Evaluation of the College Department Implemented Programs and Services to SMCQC Partner Community: Basis for an Enhanced Community Extension Program


  • Dr. Imelda Macaraig St. Mary's College Quezon City
  • Dr. Nicamil Sanchez St. Mary's College Quezon City
  • Lucia Felix St. Mary's College Quezon City


Community, Social transformation, Extension, Evaluation, Empowerment, Development


Social transformation is a long-term change process in social norms, levels, and relationships of social structure (Werakoon & Murray, 2021).  This process is geared towards sustainable development. Development effort for social transformation encourages people to examine their lives critically and take action to change social conditions. This social transformation aims to develop people’s capacity for social change through a collective problem-solving approach emphasizing participation, reflection, and critical analysis of social problems. It enables people to locate opportunities for strategic action in constructing the desired transformative change.  Among these social transformation efforts, one organization that actively extends help through development efforts and services is the school.  Several schools have developed community involvement or extension programs through community partnerships to empower people toward social transformation and community development.  The purpose is to link the students, faculty, and volunteers with marginalized people. This is what St. Mary’s College, Quezon City, is doing to actively participate in the development efforts to help uplift the conditions of the people in the partner community. The mixed method of research was used, which primarily evaluates the programs and activities conducted by the students and faculty of SMCQC, and how these have impacted the community. Randomly selected beneficiaries of the programs answered a questionnaire checklist, and focus group discussions were conducted with the youth and adult sectors. Part one dealt with the demographic profile and evaluation part two dealt with learning and takeaways on Education and Training, Entrepreneurship, Environment and Cleanliness, Health and Wellness, and Spiritual Formation/Programs.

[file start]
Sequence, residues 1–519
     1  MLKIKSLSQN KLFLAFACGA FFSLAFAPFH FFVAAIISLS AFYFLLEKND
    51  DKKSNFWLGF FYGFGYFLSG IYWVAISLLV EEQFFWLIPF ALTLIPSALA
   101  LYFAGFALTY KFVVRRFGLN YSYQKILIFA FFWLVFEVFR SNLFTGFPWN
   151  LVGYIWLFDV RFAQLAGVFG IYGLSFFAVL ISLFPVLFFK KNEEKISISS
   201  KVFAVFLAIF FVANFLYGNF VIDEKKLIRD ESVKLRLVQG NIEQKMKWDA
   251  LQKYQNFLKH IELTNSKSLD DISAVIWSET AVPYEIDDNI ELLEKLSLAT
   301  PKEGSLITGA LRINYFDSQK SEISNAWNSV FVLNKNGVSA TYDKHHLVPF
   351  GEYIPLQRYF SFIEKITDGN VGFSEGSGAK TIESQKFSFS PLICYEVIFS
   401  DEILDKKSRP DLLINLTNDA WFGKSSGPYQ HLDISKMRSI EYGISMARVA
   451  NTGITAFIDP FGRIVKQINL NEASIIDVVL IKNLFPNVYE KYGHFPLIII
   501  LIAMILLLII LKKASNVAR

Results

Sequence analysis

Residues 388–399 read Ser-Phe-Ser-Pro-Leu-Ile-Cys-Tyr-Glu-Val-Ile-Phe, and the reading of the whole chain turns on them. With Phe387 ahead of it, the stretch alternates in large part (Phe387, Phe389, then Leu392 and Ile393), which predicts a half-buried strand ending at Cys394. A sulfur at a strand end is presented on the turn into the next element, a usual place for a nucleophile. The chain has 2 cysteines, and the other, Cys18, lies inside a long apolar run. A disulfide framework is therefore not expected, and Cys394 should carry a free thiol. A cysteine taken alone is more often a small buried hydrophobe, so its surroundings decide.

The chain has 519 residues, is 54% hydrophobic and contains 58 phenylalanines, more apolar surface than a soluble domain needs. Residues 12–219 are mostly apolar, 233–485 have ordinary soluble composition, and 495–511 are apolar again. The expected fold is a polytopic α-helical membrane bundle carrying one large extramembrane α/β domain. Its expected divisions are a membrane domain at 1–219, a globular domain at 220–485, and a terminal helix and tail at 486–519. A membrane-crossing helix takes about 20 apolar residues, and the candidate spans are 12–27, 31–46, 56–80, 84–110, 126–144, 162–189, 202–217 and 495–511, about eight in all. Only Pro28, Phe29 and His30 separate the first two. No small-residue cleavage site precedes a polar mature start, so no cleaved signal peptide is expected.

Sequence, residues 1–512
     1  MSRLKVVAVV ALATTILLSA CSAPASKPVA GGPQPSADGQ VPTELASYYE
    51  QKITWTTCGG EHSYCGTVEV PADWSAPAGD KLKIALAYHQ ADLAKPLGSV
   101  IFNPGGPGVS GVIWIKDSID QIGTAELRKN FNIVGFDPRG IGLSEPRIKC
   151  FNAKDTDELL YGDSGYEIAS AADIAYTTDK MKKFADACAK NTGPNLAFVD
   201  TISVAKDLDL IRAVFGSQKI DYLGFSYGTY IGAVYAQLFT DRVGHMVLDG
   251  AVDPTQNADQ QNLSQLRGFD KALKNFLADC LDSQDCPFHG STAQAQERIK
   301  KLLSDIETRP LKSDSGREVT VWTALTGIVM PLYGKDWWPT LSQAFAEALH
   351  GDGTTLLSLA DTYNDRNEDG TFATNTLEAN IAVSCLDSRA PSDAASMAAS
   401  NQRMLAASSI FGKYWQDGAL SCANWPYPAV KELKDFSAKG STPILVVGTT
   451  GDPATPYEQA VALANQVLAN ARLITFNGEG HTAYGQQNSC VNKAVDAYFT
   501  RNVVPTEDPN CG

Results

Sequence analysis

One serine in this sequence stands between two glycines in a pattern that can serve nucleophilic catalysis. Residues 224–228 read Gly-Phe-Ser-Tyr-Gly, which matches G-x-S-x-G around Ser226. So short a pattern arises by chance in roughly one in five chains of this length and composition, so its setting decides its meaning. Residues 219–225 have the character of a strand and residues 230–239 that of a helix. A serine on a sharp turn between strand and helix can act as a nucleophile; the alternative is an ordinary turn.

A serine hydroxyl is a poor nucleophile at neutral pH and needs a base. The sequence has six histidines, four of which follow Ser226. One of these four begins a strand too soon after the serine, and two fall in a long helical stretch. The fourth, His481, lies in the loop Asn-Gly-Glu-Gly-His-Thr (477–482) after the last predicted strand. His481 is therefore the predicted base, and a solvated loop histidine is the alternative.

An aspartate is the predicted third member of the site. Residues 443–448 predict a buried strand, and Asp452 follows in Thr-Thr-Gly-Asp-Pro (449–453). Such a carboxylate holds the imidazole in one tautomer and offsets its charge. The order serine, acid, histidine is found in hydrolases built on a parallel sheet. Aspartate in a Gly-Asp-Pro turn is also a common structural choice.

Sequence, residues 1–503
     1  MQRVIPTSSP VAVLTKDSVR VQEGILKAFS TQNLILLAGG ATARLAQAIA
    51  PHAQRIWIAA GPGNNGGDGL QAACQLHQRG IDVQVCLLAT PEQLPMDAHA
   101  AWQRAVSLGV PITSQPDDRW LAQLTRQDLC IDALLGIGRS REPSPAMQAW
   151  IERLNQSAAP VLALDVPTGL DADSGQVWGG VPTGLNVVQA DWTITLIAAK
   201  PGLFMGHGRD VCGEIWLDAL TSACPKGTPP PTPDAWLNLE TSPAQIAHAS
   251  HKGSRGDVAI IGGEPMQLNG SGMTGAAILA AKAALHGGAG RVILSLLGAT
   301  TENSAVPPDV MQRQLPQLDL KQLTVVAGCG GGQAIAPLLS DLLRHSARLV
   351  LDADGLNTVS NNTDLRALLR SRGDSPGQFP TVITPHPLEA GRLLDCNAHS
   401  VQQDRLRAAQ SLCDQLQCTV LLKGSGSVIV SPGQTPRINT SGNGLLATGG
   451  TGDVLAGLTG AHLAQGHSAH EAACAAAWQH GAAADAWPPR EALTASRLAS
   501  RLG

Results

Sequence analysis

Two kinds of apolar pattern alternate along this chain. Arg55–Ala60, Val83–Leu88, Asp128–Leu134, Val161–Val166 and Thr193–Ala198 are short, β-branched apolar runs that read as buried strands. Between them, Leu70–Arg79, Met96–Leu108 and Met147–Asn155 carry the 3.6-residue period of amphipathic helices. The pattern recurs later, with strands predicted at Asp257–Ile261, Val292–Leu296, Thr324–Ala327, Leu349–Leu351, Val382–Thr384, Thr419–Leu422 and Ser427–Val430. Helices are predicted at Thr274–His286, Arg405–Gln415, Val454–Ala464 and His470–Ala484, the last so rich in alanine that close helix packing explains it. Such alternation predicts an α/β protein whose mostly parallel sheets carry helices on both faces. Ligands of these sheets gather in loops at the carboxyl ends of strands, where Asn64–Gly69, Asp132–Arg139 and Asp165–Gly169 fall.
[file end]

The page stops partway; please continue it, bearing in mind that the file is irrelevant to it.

Thirty-four (34%) respondents belonged to the 43-52 age bracket. Most of them were female (84%), high school graduates (52.28%), married (73%), and Catholics (80%).  The majority are earning less than the minimum wage, as most of them are vendors who do not have a stable income. Palosapis and Lawaan community members are grateful to SMCQC for the programs and activities. They participated in most of the activities and programs SMCQC volunteer students, faculty members, and alumni conducted. There had been a physical and social transformation in the community. Community members are now more aware of their responsibilities and are mindful of each other through regular monitoring of their tasks and regular meetings. In the Focus Group Discussion conducted with the youth sector, they shared the following: discovered their talents and became more confident in doing their tasks and responsibilities; learned about sustainable leadership; appreciated and lived out the values of unity, discipline, cooperation, and trust; actively participated in programs and projects of the barangay; inspired to take up BS in Social Work. In the Focus Group Discussion conducted with the adult sector, they shared the following: learned to decide as a team and consider the opinion of others; learned new skills in different livelihood projects; became aware of their responsibilities in the community and in looking after one another; appreciated and live out the values of unity, cooperation, and respect; adults became more supportive of the young; learned from the seminars/webinars, training, and other programs and services rendered by the volunteers and helped them become equipped as leaders and as community members. However, some activities have been put on hold because of the pandemic, including the Sacraments of Baptism and Matrimony; Slam Dunk Junk Legacy Project for the youth. Based on the discussions, the programs given to the community were enough to help its people become empowered. Continuing the programs and services in future community engagement would be good.

The following are suggested to be continued during the phase-out process: Entrepreneurship/ livelihood; Mental Health and Wellness Program; Environmental Program (Waste Management Program); Education Program. The results were shared with the community's key leaders, and agreed on a well-designed Community Development Program wherein resources, both human and materials, were utilized for its implementation from September 2022 to December 2023.